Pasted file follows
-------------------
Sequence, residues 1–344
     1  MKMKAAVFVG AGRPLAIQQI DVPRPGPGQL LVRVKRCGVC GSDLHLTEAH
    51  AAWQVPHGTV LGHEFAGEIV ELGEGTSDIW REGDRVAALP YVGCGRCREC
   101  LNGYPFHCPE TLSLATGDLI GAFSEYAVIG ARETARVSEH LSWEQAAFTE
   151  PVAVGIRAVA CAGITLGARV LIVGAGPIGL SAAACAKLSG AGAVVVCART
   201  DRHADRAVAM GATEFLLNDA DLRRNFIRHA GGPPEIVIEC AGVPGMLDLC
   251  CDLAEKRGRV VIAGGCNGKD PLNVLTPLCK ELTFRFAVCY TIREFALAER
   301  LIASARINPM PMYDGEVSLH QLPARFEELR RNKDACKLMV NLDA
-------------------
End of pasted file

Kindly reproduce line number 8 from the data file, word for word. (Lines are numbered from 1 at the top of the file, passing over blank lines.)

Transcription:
   301  LIASARINPM PMYDGEVSLH QLPARFEELR RNKDACKLMV NLDA